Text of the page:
Being in Common: Nation, Subject, and Community in Latin American Literature and Culture

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Bucknell University Press, 2003 - Literary Criticism - 151 pages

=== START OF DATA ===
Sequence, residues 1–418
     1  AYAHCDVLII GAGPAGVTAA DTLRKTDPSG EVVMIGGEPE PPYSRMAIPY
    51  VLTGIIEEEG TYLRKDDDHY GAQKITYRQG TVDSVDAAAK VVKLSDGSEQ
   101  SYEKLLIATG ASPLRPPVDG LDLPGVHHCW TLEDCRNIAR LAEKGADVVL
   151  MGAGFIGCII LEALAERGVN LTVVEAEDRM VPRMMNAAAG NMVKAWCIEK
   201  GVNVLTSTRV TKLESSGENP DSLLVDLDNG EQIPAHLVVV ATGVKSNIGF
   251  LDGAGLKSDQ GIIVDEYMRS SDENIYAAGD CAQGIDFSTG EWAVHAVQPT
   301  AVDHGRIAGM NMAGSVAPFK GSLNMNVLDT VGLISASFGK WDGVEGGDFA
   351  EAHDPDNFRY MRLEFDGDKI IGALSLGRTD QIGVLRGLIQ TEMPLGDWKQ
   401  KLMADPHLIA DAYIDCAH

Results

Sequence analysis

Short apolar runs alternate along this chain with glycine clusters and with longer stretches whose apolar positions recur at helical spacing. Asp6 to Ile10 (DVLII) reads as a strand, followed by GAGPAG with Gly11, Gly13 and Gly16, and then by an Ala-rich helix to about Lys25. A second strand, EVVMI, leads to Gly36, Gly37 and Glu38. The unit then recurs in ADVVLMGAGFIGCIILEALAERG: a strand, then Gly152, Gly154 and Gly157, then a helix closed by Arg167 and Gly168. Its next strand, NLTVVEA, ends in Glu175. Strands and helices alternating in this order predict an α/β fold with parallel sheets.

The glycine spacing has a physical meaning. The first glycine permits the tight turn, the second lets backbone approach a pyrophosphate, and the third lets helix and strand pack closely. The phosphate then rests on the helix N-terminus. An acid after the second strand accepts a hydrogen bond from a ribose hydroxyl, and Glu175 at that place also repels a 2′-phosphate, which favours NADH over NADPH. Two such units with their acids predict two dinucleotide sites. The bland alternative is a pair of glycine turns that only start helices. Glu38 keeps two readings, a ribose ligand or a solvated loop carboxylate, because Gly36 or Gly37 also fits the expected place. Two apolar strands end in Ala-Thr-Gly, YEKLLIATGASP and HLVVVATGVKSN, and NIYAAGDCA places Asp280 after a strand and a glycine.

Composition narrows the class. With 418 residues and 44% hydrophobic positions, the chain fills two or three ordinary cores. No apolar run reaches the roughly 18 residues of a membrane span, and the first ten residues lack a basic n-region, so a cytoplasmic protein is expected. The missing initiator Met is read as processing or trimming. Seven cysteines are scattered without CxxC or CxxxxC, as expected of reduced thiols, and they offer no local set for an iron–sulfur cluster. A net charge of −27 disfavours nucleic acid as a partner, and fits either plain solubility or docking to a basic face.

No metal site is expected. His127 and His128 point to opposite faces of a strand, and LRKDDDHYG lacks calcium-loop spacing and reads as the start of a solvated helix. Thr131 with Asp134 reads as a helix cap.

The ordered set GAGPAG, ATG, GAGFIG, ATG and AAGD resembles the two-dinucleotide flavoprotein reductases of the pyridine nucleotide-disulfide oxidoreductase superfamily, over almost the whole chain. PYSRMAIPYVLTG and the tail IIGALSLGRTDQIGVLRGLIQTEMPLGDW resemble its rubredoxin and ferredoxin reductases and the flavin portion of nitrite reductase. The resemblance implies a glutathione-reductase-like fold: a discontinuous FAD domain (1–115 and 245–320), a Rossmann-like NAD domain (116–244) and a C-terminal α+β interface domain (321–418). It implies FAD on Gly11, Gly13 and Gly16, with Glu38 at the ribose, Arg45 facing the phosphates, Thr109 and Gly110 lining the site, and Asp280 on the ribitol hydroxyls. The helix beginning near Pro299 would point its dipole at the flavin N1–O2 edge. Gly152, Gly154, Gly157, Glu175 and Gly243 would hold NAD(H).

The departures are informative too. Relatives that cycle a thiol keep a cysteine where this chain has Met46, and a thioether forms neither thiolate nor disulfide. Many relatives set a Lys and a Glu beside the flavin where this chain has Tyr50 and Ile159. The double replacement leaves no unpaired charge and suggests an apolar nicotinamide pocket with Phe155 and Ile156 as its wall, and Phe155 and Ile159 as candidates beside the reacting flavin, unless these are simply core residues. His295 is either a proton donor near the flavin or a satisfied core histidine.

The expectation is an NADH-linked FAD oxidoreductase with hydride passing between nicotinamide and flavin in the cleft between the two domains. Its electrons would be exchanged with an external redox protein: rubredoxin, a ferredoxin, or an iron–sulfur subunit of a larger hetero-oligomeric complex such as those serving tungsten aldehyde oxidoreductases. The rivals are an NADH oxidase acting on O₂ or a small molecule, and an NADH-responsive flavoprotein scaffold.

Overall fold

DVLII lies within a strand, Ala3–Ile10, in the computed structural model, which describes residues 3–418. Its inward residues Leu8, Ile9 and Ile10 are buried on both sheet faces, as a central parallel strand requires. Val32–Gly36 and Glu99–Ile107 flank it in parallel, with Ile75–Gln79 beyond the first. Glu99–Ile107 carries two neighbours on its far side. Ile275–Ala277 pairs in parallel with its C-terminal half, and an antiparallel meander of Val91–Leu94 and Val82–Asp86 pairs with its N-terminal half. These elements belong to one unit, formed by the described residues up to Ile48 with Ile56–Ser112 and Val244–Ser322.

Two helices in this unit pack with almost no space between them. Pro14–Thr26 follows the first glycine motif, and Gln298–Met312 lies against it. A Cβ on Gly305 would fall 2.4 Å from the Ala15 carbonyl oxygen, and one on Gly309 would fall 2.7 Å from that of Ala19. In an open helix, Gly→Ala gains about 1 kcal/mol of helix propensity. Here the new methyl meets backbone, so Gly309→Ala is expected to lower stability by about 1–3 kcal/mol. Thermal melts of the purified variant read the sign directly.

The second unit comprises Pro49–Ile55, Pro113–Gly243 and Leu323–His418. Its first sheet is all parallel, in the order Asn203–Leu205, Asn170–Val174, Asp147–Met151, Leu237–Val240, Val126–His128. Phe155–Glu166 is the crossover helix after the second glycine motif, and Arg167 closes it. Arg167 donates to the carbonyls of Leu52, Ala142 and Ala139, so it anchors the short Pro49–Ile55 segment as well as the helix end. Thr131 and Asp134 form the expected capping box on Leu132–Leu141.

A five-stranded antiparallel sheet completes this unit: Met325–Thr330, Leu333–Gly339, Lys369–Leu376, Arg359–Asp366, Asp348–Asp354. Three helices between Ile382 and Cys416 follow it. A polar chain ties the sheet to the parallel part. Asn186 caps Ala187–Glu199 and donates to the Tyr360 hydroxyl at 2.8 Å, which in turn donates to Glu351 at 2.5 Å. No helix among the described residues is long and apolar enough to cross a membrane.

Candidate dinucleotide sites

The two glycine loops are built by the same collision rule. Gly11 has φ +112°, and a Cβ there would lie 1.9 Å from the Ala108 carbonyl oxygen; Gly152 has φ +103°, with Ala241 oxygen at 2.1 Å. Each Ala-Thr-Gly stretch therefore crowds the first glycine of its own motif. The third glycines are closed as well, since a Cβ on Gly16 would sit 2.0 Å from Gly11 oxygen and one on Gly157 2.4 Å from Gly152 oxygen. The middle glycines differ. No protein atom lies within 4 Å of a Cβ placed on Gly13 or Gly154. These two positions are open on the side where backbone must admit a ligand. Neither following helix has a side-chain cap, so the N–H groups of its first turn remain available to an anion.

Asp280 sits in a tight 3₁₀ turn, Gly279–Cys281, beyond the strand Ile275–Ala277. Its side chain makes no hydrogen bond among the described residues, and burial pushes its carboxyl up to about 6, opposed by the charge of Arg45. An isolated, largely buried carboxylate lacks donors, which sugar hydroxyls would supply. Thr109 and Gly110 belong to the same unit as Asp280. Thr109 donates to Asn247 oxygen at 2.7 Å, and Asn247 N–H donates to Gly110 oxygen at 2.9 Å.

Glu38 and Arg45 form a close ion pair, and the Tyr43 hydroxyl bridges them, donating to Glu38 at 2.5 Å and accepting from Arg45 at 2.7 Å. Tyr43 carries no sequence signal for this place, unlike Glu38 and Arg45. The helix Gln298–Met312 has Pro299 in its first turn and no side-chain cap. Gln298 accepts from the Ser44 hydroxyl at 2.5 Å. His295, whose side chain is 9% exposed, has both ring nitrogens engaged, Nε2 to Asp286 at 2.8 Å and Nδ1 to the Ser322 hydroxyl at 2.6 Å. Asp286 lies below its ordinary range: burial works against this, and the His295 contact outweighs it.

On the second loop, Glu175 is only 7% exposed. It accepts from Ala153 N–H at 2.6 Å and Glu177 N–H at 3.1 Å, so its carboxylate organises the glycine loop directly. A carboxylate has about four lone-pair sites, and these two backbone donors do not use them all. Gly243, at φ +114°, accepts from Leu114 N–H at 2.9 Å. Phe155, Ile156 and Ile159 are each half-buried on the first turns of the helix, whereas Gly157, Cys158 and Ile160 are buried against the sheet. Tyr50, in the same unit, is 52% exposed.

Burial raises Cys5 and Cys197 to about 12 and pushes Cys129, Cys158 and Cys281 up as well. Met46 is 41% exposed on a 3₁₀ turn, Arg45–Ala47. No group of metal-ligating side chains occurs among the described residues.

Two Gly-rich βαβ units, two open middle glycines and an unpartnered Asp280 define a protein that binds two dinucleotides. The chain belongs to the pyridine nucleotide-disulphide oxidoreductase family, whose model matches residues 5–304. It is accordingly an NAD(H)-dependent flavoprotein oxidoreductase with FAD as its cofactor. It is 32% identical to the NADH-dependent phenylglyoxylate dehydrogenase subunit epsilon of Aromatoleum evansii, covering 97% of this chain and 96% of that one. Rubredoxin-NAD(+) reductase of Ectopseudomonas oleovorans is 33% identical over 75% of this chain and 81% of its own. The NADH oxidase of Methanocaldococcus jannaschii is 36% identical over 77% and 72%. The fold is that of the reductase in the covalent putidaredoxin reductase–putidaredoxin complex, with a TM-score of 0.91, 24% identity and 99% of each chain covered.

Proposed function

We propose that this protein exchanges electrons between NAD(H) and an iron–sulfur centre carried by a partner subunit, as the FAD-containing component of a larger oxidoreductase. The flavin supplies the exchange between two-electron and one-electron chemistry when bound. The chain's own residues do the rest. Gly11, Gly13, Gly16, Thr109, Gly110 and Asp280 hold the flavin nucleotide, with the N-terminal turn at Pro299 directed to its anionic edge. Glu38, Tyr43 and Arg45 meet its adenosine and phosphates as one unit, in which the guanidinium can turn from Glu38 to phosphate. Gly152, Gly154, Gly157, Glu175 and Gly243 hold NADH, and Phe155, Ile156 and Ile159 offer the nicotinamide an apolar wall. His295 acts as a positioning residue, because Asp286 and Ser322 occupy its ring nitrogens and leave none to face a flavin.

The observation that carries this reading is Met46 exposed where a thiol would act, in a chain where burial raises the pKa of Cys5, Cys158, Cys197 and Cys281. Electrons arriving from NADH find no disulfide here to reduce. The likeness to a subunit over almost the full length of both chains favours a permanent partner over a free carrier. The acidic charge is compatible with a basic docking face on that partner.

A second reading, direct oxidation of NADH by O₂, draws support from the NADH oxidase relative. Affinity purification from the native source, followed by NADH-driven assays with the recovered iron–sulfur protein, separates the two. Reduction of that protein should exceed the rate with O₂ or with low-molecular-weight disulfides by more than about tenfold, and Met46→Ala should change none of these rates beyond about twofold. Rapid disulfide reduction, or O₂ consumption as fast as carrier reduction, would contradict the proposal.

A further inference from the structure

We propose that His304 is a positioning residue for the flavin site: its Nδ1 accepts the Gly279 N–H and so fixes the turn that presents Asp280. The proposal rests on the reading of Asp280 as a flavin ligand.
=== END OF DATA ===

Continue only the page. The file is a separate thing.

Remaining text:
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'Being in Common' analyzes key works of twentieth-century Latin American literature and culture as precursors of contemporary theories of globalization. The book studies how texts from the 1940s and 1950s by major Latin American authors, such as Alejo Carpentier, Ezequiel Martinez Estrada, Octavio Paz, and Jorge Luis Borges, provide alternatives to national belonging in order to articulate the community of experience. These texts offer articualtions of commnuity that interrupt the totalizing and often violent homogeneity of identity (or difference), the priority of the Subject and the location of culture. They explore ways of being in common (the communal relation) when the notion of a common being (a totalizing conception of community) is shown to be untenable.

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